Last night also saw the local premiere of “Page One: Inside the New York Times,” which I wrote briefly about Thursday, including mentioning that Times media reporter David Carr was once busted in the bathroom of the Skyway Show Lounge. I saw the film last night and, sonofagun, there Carr is, on Hennepin, standing in front of the Skyway, telling the story about his arrest.

According to the film’s director, Andrew Rossi, the film was originally going to focus on Carr, and it’s unsurprising. Carr is a pit bull on the subject of the Times, describing himself as having an immigrant’s affection for his new home, and a sense of its exceptionalism. If anybody dares criticize the Grey Lady in a way Carr considers unfair, his fangs come out, and they are terrifying. Most often, this is when people criticize the Times’ international coverage, which the Times has, in fact, excelled at, and Carr knows the great personal cost that accompanies this. Just last month, four Times reporters went missing in Libya; they had been captured by rebels, held hostage, and threatened and beaten for a week. Carr’s flaring temper at what seem to be mild rebukes can be startling, and some of it comes from his adoration of the Times as an institution, but it’s an institution made up of people toward whom Carr shows obvious affection and protectiveness.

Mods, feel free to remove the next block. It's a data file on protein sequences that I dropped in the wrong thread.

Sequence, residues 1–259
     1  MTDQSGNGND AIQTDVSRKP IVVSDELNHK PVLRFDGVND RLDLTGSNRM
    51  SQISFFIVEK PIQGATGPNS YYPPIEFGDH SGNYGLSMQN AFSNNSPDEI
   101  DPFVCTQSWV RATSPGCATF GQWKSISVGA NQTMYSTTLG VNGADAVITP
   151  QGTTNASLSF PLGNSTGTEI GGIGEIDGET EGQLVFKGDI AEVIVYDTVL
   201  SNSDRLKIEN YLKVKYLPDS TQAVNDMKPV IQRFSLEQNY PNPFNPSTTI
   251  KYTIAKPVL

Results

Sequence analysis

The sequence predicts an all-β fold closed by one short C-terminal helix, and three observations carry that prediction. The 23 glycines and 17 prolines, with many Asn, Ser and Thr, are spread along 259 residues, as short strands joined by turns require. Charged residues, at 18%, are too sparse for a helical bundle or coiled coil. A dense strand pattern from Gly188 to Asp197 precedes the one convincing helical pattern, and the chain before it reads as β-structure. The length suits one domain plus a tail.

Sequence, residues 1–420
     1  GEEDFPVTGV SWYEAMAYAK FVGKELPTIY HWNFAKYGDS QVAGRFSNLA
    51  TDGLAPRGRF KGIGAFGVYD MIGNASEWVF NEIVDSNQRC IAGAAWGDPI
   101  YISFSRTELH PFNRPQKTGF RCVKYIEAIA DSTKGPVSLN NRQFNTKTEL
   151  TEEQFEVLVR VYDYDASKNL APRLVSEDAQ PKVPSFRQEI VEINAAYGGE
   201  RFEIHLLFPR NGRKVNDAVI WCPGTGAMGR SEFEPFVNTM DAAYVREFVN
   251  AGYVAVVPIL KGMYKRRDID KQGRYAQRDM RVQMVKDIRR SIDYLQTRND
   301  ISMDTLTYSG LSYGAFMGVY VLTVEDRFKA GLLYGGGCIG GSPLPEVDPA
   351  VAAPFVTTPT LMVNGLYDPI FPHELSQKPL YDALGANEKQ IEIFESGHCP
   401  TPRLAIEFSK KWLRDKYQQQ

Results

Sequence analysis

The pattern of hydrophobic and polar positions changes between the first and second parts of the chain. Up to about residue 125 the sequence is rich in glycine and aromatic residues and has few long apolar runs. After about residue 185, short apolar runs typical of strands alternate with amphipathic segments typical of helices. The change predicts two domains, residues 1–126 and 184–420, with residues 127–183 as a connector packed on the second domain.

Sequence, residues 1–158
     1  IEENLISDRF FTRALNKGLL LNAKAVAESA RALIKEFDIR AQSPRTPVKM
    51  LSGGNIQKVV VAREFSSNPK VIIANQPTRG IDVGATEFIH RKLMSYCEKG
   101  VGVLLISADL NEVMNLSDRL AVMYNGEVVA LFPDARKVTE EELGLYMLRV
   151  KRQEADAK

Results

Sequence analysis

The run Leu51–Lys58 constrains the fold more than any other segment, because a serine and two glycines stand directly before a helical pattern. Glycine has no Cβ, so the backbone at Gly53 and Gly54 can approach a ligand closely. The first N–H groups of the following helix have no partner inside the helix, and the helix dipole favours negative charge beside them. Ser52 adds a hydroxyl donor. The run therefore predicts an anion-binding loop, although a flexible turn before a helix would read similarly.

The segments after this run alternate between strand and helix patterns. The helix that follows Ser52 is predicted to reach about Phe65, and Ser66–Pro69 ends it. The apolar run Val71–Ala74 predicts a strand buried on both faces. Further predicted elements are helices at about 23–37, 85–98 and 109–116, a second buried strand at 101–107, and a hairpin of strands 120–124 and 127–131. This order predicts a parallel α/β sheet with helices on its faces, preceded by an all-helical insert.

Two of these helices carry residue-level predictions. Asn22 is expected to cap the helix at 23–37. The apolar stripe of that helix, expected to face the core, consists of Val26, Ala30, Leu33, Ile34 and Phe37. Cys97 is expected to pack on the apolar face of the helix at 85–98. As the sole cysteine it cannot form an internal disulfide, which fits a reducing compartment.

David Carr, left, and director Andrew Rossi of "Front Page: Inside the New York Times"
MinnPost photo by Max Sparber
David Carr, left, and director Andrew Rossi of “Front Page: Inside the New York Times”

All of this would have made for a fascinating film on its own, but Carr pushed Rossi to expand the scope of his documentary; this proved to be an especially significant year in which to peer into the inner-working of the Times. The paper was still reeling from credibility problems caused by Judith Miller and Jayson Blair, and was mired in the same economic struggle that has been felling legacy newspapers throughout the country, with plummeting ad revenue and a growing audience of online readers who expected the content to be free. And then, along came WikiLeaks, the whistleblowing infodump that is like some deranged science fiction idea of journalism as written by Neal Stephenson. The film has a telling moment early on, when Julian Assange, the former hacker who created WikiLeaks, is interviewed by Brian Stelter, himself a former blogger who rose to prominence on his own So here we have the new media interviewing the newer media, and discussing traditional models of journalism, which Assange has thrown on their head.